Robertstown Community Amenities Association are aiming to restore the barge, The 52M.
Murphy's Law is a proverb that is typically understood to mean 'anything that can go wrong will go wrong'. In the village of Robertstown the proverb might more aptly be called "Fr. Murphy's Law", particularly in relation to the Grand Canal heritage barge the '52M' that was built in 1928 and later became known as 'The Eustace'. The history of this vessel is surely proof that if it can go wrong - it will, but there is always a way back.
After lying idle for the decades that followed its retirement as a working boat, the 52M got its second lease of life in the late sixties thanks to a Curate of Allen Parish, the late Fr. P.J Murphy. In 1969 Fr. Murphy was leading a committee that was charged with organising an annual festival for Robertstown with the objective of attracting people to the picturesque village, promoting the heritage of the area and generating community spirit. The enthusiasm and determination of Fr. Murphy and his team has become folklore in the area and they recognised that a focal point was needed from which to expand. That focal point was to become the canal boat the 52M. Salvaged from the bed of the river Súir in Kilkennny with its 'sister' boat the 107B, the 52M was reported to have been in particularly bad condition. Over the course of nearly a year the vessels navigated their way through the inland waters of Ireland before eventually arriving in Kildare in the Autumn of 1970. The vessels would ultimately be restored and became central to all activities in the village throughout the following decade.
Unfortunately, Murphy's Law is one that has an inevitable outcome. By the late 1980s the glory days had passed for the 107B when it was severely damaged by fire and lay is a state of disrepair for a number of years. However, the 107B found its third lease of life when it was eventually transferred to the Offaly Branch of the Inland Waterways Association of Ireland who dutifully restored the vessel for the benefit of various interest groups in the early 2000s.
The 52M soldiered along for another two decades becoming synonymous with the village of Robertstown where it became the focal point of community spirit, as visualised by Fr. Murphy. The vessel had a particularly interesting second lease of life; it hosted Rose of Tralee finalists, featured on Ear to the Ground, was used for festivals, weddings, bus-trips, provided canal tours for schools and local interest groups, and even had a starring role in an RTÉ drama production starring Gabriel Byrne. In 2005 the Grand Canal Hotel, which had been operated as a heritage museum and restaurant, was transferred into private ownership and the fate of the 52M, which had been associated with the hotel was undecided for a number of years until it was transferred into the ownership of Robertstown Community Amenities Association. Unfortunately, during the intervening period, the 52M fell into a state of disrepair and in 2017 the vessel once again found itself sitting on the bed of the inland waterways of Ireland, this time in Lowtown.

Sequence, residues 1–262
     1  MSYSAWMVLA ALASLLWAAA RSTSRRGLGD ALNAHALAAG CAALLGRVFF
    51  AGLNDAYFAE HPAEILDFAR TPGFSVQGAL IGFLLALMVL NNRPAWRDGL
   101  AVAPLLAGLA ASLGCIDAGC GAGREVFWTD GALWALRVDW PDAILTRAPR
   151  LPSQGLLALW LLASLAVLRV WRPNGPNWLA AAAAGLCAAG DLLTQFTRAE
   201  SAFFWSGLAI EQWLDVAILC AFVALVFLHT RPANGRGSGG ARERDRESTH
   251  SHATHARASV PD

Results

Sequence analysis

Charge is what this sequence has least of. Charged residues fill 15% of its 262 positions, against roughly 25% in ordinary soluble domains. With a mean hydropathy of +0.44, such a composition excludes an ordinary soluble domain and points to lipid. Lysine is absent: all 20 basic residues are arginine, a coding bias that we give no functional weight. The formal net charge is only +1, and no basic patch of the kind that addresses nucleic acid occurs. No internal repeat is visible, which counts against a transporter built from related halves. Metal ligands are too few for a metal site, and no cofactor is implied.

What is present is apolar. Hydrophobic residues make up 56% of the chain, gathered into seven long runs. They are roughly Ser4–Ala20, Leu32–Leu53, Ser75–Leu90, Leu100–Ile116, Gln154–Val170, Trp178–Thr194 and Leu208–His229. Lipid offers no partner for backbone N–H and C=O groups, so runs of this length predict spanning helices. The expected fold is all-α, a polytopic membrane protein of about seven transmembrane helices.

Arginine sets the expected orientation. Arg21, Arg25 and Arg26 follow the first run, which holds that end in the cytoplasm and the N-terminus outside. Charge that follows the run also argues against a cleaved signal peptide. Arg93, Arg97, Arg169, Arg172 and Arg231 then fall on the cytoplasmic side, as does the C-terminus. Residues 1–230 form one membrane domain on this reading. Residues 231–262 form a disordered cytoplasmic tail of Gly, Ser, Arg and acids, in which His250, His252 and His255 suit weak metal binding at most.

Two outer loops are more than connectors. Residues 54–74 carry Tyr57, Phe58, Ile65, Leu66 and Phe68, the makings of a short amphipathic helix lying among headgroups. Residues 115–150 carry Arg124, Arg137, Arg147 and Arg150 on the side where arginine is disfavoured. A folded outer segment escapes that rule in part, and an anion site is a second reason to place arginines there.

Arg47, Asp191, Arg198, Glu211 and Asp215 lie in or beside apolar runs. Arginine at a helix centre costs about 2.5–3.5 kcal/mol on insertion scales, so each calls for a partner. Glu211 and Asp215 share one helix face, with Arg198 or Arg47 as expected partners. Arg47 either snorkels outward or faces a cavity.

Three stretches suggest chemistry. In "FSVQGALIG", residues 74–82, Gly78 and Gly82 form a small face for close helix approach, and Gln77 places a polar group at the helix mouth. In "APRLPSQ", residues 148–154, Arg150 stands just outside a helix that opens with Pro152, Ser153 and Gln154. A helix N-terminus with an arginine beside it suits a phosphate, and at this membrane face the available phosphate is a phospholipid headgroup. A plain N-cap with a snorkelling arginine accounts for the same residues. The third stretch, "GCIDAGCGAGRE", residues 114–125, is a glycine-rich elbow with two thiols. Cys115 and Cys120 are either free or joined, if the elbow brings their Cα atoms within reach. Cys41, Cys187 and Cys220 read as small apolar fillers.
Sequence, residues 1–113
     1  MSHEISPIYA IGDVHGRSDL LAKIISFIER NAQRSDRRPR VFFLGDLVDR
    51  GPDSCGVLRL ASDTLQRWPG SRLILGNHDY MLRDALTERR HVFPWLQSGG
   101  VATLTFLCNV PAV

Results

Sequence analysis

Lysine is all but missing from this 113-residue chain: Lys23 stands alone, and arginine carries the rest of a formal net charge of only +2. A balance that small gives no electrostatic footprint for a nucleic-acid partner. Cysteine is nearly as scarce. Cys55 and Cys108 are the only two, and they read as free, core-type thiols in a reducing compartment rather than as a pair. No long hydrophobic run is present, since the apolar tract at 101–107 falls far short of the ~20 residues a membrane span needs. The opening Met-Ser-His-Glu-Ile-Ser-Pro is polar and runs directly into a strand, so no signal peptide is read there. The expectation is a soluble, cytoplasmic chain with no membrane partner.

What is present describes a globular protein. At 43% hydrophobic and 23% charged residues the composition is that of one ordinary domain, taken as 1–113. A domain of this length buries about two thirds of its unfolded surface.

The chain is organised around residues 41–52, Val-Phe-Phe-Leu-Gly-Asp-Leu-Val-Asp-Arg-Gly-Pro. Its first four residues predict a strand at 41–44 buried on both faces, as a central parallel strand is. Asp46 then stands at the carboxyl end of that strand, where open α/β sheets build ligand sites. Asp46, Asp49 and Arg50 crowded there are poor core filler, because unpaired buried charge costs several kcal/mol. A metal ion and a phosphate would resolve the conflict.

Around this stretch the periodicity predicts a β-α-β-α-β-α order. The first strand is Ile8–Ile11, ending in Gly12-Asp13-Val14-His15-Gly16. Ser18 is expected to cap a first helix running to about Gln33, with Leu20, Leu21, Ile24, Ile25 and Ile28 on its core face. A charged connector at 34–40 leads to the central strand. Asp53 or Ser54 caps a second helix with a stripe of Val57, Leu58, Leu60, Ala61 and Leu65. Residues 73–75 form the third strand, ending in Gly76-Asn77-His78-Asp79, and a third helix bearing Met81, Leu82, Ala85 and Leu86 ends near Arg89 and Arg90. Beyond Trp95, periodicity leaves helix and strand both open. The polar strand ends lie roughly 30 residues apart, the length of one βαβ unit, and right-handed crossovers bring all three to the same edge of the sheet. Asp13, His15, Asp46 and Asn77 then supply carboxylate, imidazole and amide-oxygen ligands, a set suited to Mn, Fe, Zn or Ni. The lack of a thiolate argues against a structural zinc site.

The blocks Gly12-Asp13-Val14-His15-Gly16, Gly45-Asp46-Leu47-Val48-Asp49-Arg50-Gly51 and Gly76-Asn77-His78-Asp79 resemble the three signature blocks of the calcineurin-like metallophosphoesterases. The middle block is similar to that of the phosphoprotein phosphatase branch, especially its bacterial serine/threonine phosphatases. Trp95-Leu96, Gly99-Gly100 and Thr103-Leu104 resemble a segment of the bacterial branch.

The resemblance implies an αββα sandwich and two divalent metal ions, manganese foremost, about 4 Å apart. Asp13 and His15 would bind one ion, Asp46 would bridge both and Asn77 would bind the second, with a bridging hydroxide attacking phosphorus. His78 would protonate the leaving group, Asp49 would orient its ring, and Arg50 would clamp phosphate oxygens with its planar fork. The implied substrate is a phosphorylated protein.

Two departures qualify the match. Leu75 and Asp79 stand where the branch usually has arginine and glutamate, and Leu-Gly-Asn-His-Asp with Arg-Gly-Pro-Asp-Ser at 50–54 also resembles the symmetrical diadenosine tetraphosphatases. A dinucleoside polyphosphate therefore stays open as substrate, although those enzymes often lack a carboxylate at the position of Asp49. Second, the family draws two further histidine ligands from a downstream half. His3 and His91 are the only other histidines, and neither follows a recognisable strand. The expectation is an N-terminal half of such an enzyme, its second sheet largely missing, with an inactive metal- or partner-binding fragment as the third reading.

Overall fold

However, if Murphy's Law doomed the 52M to become submerged under water another proverb has come to its saviour, for 'history has a habit of repeating itself'. Since the ownership of the vessel has been clarified the local community group has again identified the 52M as the focal point from which to expand its activities. The torch bearers of Fr. Murphy’s committee again hope to use the 52M to promote Robertstown’s unique heritage and attract sustainable tourism back to the heart of Kildare.
The group share Fr. Murphy's vision that the 52M can be used as a heritage museum and provide guided tours of Kildare’s inland waterways. The group hope to provide heritage tours to schoolchildren, members of the public and community groups in the surrounding areas. It is envisaged that the tours will reflect the tours previously offered by the 52M and will encompass a first taste of cruising along the inland waterways, locks and mooring buoys.
In addition, the group hope to promote the folklore and heritage of our community by installing informative museum displays during the restoration. In recent weeks and in pursuit of this goal, the vessel was moved from the banks of Lowtown Marina, Robertstown, to Portaneena, Co. Westmeath, where it will get a full out of water survey and hopefully (funding dependent) be restored.
The project is being supported by Councillor Darragh Fitzpatrick who understands the heritage of the vessel more than most as his parents celebrated their wedding day on the vessel. The group have launched an iDonate fundraising page for the 52M and all donations are gratefully accepted.
Details can be found on Robertstown Community Amenities Association Facebook page.
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